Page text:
The Queen’s committal service in St George’s Chapel, Windsor Castle, will feature traditions symbolising the end of Elizabeth II’s reign.
A congregation of 800 people including the King, the royal family, realm prime ministers, governors-general and mourners from the Queen’s household past and present, including personal staff from across her private estates, will gather in the gothic church on Monday.
The service will take place at 4pm, just hours after the state funeral in Westminster Abbey.
The Queen’s coffin will be driven from London to Windsor in the state hearse, and make its way up the Long Walk, which will be lined with members of the Armed Forces.
The King and other royals will join the procession on foot behind the hearse in the castle’s quadrangle, with the Queen Consort, the Princess of Wales, the Duchess of Sussex and the Countess of Wessex following by car.
During the service, which will be conducted by the Dean of Windsor David Conner, the Imperial State Crown, the orb and the sceptre will be lifted from the Queen’s coffin by the Crown Jeweller, separating the Queen from her crown for the final time.
With the help of the Bargemaster and Serjeants-at-Arms, the priceless Crown Jewels will be passed to the Dean who will place them on the High Altar.
At the end of the last hymn, the King will step forward and place the Grenadier Guards’ Queen’s Company Camp Colour – a smaller version of the Royal Standard of the Regiment – on the coffin.
The Grenadier Guards are the most senior of the Foot Guards regiments and the Queen was their Colonel in Chief.
Only one Royal Standard of the Regiment is presented during a monarch’s reign, and it served as the Queen’s Company Colour throughout her lifetime.
At the same time, former MI5 spy chief Baron Parker – the Lord Chamberlain and the most senior official in the late Queen’s royal household – will “break” his Wand of Office and place it on the coffin.
The ceremonial breaking of the white staff signifies the end of his service to the Queen as sovereign.
As the coffin is lowered into the royal vault, the Dean of Windsor will say a psalm and the commendation before the Garter King of Arms pronounces the many styles and titles of the Queen.
The Sovereign’s Piper will play a lament from the doorway between the chapel and the Dean’s Cloister and walk slowly away so the music gradually fades.
The Archbishop of Canterbury will pronounce the blessing, and God Save The King will be sung.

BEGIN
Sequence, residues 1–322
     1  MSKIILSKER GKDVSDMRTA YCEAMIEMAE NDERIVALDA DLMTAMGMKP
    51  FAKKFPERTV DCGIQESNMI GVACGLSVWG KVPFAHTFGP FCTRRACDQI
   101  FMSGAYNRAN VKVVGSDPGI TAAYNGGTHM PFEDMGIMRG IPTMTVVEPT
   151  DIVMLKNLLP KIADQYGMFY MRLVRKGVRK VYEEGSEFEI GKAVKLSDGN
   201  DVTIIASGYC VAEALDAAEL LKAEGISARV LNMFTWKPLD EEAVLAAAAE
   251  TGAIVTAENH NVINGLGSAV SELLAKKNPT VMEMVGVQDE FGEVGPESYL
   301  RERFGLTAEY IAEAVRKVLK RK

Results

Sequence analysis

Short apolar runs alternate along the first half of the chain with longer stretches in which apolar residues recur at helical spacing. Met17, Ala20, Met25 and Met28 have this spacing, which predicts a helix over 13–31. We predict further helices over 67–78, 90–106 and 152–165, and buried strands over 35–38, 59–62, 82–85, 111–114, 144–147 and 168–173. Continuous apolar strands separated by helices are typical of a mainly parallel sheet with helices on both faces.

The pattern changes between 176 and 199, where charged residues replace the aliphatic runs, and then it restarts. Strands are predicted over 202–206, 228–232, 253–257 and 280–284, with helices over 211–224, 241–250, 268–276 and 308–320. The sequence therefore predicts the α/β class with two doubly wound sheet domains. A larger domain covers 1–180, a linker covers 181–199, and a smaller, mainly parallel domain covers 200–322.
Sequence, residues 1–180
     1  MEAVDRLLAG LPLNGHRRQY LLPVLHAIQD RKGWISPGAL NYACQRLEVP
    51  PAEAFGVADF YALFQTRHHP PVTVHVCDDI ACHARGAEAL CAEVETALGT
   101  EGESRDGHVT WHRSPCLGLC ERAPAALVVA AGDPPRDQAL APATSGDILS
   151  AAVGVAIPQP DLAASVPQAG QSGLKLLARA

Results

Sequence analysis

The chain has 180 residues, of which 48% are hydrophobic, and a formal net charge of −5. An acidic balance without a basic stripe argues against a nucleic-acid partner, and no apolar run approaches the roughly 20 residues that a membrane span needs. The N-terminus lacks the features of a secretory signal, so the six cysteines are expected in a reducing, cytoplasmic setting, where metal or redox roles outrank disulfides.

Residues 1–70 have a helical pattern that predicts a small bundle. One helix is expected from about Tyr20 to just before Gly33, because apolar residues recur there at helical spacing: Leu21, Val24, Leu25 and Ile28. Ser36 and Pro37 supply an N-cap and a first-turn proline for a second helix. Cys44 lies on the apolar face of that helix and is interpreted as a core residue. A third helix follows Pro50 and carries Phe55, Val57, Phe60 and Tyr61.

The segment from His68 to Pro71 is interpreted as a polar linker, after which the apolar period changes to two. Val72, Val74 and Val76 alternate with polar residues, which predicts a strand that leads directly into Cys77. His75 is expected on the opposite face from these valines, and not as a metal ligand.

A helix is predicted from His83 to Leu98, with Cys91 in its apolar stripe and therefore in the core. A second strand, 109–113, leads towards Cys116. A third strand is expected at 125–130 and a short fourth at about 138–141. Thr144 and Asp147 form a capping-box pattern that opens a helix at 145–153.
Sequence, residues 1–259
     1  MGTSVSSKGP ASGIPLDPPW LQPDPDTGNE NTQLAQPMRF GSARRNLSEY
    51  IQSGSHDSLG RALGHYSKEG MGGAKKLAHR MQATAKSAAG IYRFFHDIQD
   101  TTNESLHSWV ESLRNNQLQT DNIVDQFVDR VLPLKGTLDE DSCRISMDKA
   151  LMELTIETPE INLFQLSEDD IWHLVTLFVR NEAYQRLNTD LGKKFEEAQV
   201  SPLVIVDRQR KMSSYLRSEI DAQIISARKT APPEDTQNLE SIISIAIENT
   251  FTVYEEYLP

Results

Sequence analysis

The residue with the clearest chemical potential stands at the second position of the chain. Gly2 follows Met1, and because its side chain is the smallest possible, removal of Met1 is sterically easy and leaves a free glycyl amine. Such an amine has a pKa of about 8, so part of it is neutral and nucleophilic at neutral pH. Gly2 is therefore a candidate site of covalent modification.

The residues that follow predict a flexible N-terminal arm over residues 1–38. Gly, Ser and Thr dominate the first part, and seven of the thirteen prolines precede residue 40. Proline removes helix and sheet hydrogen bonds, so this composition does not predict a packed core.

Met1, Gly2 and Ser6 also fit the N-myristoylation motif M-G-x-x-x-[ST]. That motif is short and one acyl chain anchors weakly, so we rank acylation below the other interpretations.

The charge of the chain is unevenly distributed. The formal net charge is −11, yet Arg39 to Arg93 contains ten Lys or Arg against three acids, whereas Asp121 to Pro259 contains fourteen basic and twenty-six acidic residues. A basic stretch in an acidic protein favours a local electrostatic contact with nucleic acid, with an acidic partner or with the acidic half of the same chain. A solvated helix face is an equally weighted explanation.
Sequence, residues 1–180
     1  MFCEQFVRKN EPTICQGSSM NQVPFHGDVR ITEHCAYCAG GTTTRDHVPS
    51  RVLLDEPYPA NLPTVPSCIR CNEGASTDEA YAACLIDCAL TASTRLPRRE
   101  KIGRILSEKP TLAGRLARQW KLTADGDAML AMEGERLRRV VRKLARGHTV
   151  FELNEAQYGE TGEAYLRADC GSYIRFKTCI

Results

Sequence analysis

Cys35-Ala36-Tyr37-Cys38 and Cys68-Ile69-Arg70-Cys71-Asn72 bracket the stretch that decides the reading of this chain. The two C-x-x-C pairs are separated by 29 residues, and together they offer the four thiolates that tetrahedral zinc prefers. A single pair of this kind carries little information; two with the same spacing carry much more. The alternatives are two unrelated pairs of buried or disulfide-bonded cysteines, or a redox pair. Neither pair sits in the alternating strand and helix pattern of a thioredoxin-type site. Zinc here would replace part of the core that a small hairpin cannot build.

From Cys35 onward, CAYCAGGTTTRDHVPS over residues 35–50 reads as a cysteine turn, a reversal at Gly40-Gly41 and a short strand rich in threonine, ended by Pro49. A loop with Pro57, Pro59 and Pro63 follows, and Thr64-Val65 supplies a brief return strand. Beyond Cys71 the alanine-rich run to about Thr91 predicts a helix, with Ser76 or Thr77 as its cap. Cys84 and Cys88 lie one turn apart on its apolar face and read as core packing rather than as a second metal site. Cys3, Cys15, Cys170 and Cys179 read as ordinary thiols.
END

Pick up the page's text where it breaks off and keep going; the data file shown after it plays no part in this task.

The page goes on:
The King and members of the royal family will leave via the Galilee Porch, but will return for a private burial service in the evening, when the Queen will be interred alongside her late husband the Duke of Edinburgh in the King George VI Memorial Chapel in St George’s.
A committal service is perhaps the most solemn moment of a Church of England funeral service, and it usually takes place at the graveside, in a crematorium chapel or in the church before a burial or cremation.
The majority of those attending St George’s Chapel will not have been in the funeral service at Westminster Abbey.
Many of the household and private estate staff spent years working for and supporting the late monarch, with the committal service a chance to pay their last respects.
Prayers will be said by the Rector of Sandringham, the Minister of Crathie Kirk and the Chaplain of Windsor Great Park, and by the Dean of Windsor.
The state hearse will approach the castle through Shaw Farm Gate on Windsor’s Albert Road, moving via the Long Walk, Cambridge Gate, Cambridge Drive, George IV Gate, Quadrangle (South and West sides), Engine Court, Norman Arch, Chapel Hill, Parade Ground and Horseshoe Cloister Arch.
Leading the procession and walking ahead of the coffin will be a dismounted detachment of the Household Cavalry Regiment, followed by a mounted division of the Sovereign’s Escort, a Massed Pipes and Drums of Scottish and Irish Regiments, the Bands of the Coldstream Guards and the Household Cavalry, officers of the Household Division, the Kings, Heralds and Pursuivants of Arms and members of the Queen’s personal staff.
In the centre of the procession, the state hearse will be flanked by the Pall Bearers and an Escort Party consisting of two officers and 24 rank and file of the 1st Battalion Grenadier Guards.
The Queen’s Company Colour, the Royal Standard of the Regiment of Grenadier Guards, and a Sovereign’s Standard of the Household Cavalry, will be positioned in the front and rear of the hearse.
To the rear of the coffin will be members of the Queen’s, the King’s and the Prince of Wales’s households, followed by further mounted and dismounted detachments of the Household Cavalry.
Minute Guns will be fired by The King’s Troop, Royal Horse Artillery from a position on the East Lawn as the coffin moves in procession from Shaw Farm Gate to the West Steps of St George’s.
Both the Sebastopol Bell – captured in Crimea in 1856 – and the Curfew Tower Bell will be tolled concurrently at the castle.